This week, First Lady Michelle Obama said international exchange was a way towards better citizen diplomacy. “But you don’t need a plane to be a citizen diplomat,” she said. My colleague Heather Singmaster agrees.
by Heather Singmaster
One of my guilty pleasures is watching Family Feud (it’s the only thing on television when I’m on the treadmill). The other day a mom and her four grown children were competing. She told the host, Steve Harvey, that she was most proud of the fact that not only did she make sure all of her children earned college degrees (something she did not have), but that they all traveled internationally—in fact to more than 60 countries among the four of them. Her family won and proceeded to the final round where two of the sons were asked to “name something the French are known for.” The first son replied, without hesitation, “fries.” Steve laughed and questioned how, with all that travel, “fries” was the first thing that came to mind.
This got me thinking: Do you have to travel to become globally competent?
Let’s see if we can meet the criteria of our four pillars of global competence without crossing an international border.
Investigate the World
Can students be interested in the world and formulate globally significant questions if they have never set foot outside of the country? This is probably the easiest piece to accomplish without travel. Teachers are able integrate a global dimension into their curricula in any subject area, thus prompting international interest and questions. In fact, in our own network of international study schools, we have seen higher graduation rates than in similar schools: students are engaged and challenged by the global work. There are many resources out there now to assist teachers; we share many on this blog and on our website.
Recognize and Weigh Perspectives
Students must be able to realize that they have a perspective that may or may not be shared by others at home or abroad. Can they learn to recognize other perspectives without actually going to another country and talking to people?
Students today are fortunate to be able to connect with others around the world without leaving their home or classroom. They can read international news sources in English or in the second language they are studying (hopefully they are doing so!). Local universities and groups such as World Affairs Councils regularly hold events with international guest speakers that students can attend and participate in. High school newspapers are increasingly encouraging students to cover international news or think about the international dimensions of issues they may cover in op-eds.
And let’s not forget the changing demographics throughout the United States. It is not difficult to find immigrant communities where students can interact and make connections with people from around the world. And because these people are living in our communities, there is an opportunity to make deeper, ongoing connections as opposed to a one-off discussion that you may have on an evening out in a foreign land.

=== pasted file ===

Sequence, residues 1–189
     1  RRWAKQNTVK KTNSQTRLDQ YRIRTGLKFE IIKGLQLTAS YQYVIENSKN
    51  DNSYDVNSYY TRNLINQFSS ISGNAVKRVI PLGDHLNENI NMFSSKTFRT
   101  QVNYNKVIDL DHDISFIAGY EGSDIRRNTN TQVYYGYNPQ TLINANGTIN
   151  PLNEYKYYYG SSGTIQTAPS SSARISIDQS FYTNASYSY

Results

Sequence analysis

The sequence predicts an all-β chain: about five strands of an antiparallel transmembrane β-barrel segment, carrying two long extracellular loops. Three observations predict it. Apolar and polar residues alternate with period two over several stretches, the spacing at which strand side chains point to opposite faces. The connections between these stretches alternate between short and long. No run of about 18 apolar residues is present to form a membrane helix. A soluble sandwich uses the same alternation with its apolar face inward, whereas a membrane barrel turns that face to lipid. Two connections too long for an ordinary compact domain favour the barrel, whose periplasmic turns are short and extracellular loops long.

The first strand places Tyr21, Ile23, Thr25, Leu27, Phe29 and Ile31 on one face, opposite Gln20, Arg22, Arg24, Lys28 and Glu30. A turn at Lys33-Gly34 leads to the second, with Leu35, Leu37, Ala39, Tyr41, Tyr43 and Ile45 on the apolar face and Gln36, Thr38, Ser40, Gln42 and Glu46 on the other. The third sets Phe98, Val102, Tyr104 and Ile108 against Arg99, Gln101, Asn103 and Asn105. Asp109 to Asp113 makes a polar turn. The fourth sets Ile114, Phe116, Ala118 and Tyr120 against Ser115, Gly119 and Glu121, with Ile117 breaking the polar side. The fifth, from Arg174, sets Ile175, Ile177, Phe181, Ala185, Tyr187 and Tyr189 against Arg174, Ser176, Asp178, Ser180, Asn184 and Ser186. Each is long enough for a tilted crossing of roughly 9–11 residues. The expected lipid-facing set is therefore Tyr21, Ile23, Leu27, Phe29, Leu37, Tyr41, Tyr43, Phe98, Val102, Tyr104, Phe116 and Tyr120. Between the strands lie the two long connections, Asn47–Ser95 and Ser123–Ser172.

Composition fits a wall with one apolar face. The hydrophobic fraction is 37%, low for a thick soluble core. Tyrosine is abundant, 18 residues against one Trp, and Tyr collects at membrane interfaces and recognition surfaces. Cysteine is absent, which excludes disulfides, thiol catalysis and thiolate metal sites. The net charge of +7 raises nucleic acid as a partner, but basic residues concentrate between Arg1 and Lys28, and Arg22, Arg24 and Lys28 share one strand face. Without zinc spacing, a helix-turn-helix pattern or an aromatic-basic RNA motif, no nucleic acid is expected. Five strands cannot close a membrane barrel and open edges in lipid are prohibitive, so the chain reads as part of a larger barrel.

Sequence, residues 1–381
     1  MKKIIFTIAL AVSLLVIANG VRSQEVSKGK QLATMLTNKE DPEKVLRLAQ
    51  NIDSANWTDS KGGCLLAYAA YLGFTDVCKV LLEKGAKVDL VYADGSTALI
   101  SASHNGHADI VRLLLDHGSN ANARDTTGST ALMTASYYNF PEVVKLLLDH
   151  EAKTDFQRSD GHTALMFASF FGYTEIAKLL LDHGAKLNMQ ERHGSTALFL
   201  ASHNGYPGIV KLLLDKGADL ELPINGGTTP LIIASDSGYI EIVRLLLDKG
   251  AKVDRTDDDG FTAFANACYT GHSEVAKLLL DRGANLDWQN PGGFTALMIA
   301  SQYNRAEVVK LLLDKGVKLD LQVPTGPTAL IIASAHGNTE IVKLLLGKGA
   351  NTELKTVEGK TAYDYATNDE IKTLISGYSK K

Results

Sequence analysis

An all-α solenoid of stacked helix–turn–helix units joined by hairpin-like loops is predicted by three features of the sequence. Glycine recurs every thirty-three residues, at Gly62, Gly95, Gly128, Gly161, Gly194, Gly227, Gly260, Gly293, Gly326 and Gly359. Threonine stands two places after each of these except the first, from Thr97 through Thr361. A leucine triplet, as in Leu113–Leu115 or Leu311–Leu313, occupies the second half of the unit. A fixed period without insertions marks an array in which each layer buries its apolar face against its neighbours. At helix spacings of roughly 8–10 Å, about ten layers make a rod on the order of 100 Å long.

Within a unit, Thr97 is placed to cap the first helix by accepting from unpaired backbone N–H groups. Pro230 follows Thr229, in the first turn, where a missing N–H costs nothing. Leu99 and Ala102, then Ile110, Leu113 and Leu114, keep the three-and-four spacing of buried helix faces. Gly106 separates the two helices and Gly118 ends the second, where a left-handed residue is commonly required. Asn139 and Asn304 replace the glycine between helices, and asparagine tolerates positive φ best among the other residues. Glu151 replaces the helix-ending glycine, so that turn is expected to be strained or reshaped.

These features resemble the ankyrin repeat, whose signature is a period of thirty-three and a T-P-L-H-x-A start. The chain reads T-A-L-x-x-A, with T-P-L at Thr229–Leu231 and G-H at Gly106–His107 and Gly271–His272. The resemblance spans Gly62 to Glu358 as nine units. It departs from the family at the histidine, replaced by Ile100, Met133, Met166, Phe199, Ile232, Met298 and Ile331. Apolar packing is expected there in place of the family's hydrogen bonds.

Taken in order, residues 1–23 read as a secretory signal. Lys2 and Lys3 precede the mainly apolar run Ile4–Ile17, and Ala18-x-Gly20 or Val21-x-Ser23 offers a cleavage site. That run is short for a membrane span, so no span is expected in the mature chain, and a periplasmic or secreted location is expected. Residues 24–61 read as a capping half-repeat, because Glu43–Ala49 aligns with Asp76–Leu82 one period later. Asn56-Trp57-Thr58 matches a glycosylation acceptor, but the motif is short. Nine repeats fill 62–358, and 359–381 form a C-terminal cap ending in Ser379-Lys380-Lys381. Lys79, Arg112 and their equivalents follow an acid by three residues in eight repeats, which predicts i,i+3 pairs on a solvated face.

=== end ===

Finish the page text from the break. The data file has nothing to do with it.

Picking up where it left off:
Effectively Communicate to Various Audiences
In our global United States and in our international marketplaces, citizens and workers must be able to effectively communicate with people from other cultures. Students are already communicating with peers around the world every day through Twitter, Facebook, online games, etc. Learning a second, or third language, can take place in the confines of a school. While I do believe that there is no better way to practice a language than to go abroad and talk with native speakers, enterprising students and teachers are doing just that without boarding a plane. They are using iEARN or Skype in the Classroom to have meaningful interactions online—in a second language or in English. These can take many forms, from joint projects to debates and ongoing conversations—something you may not do if you take a guided tour through China and never leave your tour group.
This one is a bit more difficult, we argue that global competence requires real-world problem solving (of those questions formulated as one investigates the world) and application of what is being learned. Obviously being able to undertake a project abroad is the ultimate manifestation of this. But very few students get this opportunity. Service projects domestically can utilize those connections to immigrant communities. Beyond that, online portfolio projects can explore global dimensions and be shared with international audiences through blogs and websites, inviting feedback from around the world.
Now, as someone who has traveled extensively (not to 60 countries, but I do take pride in saying I have been to every country in Southeast Asia), I would never want to detract from travel or convince someone they don’t need to do it. Quite the opposite.
I strongly encourage people to travel internationally. We at Asia Society have seen first-hand, on more than one occasion, how travel can change the course of a student’s life. Everyone should have that opportunity. But the reality is, everyone doesn’t and that’s all right. You can still be globally competent and reap the benefits without leaving the United States.
About the Fries
I don’t want to leave you wondering how the answer of fries ranked on Family Feud. He got credit for it because the judges counted it as part of the number one answer, “food.” I’ve been to France and they have some darn good frites there. But I’m going to guess a French person would not appreciate “fries” as the number one thing their culture is known for!
The opinions expressed in Global Learning are strictly those of the author(s) and do not reflect the opinions or endorsement of Editorial Projects in Education, or any of its publications.